Signatures of the gods: Michael Taussig on Hoda Afshar's 'Speak The Wind'

Poetry and reality seem to combine with the winds that coalesce into spirit possession on the islands in the Strait of Hormuz, at the extreme southern tip of Iran. There it can get to 45 degrees centigrade, and nearby US nuclear-powered submarines and oil tankers make their way into and out of the Persian Gulf.

The concentration of power and history in this narrow waterway is astonishing. To adopt standard nomenclature and call it a ‘choke-point’ seems insufficient unless you take it literally. In maps it comes across as a freak of nature, part of a child’s puzzle with the southern element shaped like a horn protruding into the sea while the northern element opposite is an inverted V shaped inlet as if awaiting the south to close in. Imagine the helmsman navigating a long tanker through these tight bends.

In his letters about his visit to the enchanted land of the Tarahumara Indians of northern Mexico, Antonin Artaud wrote of its unusual rock formations as signatures of the gods. That certainly seems the case here too, in this choke-point of history and power where we can see ‘gods’ signatures’ — a place of sand and mountains, red, white, yellow, black, blue, and green that at times seem crafted by human hands on the scale of giants.

This is also a land of pearl divers and the descendants of African slaves brought by Muslim traders across several centuries. In Iran such slavery was officially abolished only as late as 1929 and there is a fierce racial prejudice against people of African descent, many of whom drifted south to these islands. Is it so surprising then that this history provokes mediums who channel spirits in the form of the winds coming from Africa? There are other winds, too, coming north from Saudi Arabia and west from India.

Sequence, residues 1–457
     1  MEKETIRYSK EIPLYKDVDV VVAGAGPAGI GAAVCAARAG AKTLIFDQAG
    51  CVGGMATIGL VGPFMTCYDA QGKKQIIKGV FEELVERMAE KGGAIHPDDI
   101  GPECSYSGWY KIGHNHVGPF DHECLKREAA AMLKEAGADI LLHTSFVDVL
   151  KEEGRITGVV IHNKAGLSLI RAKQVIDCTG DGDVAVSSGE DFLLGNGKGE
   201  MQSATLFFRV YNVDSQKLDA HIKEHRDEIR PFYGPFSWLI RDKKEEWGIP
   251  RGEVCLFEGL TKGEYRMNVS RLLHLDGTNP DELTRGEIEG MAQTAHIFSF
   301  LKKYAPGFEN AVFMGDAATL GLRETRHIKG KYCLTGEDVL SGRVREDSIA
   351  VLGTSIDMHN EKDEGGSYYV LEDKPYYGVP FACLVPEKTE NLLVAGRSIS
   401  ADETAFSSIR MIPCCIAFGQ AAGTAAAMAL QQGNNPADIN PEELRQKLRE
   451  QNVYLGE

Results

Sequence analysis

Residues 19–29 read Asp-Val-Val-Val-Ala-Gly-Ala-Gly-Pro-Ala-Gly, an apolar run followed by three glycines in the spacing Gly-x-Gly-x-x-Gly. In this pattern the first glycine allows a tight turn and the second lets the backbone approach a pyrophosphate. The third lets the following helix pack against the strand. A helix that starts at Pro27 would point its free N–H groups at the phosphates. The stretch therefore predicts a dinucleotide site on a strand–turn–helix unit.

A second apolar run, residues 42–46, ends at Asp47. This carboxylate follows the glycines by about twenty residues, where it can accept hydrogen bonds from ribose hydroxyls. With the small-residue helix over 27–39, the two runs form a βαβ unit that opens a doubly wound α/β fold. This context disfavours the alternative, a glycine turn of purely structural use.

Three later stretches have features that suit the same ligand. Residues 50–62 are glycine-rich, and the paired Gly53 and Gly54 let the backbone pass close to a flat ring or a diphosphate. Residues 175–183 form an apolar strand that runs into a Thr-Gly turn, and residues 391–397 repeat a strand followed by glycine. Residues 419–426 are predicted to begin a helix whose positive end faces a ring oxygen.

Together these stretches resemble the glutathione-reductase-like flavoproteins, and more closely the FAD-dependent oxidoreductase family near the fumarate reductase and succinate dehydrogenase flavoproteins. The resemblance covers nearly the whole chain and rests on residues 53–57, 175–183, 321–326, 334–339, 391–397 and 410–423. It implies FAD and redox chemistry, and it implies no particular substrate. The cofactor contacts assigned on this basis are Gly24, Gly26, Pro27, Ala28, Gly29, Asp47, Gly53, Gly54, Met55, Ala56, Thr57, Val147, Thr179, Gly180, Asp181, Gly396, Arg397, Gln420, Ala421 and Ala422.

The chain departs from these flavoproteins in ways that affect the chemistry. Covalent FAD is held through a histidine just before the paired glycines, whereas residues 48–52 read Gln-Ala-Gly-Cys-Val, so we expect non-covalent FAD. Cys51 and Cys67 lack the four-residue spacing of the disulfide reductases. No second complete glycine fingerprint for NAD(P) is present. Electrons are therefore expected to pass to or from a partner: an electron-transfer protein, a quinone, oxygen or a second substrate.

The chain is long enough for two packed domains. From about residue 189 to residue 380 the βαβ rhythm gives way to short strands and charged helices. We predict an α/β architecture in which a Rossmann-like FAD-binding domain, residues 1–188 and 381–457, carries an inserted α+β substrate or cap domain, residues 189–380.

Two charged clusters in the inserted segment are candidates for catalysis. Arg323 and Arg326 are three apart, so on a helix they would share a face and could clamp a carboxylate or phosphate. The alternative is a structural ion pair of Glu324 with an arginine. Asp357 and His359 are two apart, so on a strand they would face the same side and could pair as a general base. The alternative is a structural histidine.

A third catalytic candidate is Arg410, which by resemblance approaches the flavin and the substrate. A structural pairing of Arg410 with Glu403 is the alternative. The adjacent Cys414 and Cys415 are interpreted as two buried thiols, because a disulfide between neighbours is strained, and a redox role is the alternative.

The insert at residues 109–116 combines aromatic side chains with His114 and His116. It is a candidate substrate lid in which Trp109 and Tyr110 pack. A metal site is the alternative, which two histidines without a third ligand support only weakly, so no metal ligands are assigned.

I say ‘channel’ history, but I could just as well use the English language term, ‘strait’, as in the strait of Hormuz that invaginates history no less than geography since this suggests something narrow and perilous, even mythical, forcing you to enter at the risk of your life. Think of Odysseus forcing his oarsmen to row through the straits formed by Scylla and Charybidis. Think of what it means to die or at least forsake your self, your being and your consciousness to become the ‘horse’ of the spirit that has lowered itself onto you.

Most extraordinary of all is the person possessed by this spirit-wind, seeking cure, writhing and dancing while covered by a large cloth. Meanwhile the drummers drum and the shaman recites the poetry of the wind in Swahili, Arabic, or Farsi, depending on where the wind comes from. What the visual medium of photography cannot easily communicate is the magic of the sound of the drums and stringed instruments, and the poetry of the shaman, who supplants the Muslim mullah and western physician. All this is required for the winds to ‘lower’ themselves into the sick person under the care of the shaman.

It is tempting to understand these events in medical terms aimed at curing body and soul but, what if we reverse cause and effect and think of the winds — these spirit winds of history — as taking advantage of human illness to perpetuate the history of slavery, cruelty, and caprice? 


Excerpt from 'Winds of History' by Michael Taussig, from Speak The Wind by Hoda Afshar.

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June 2021
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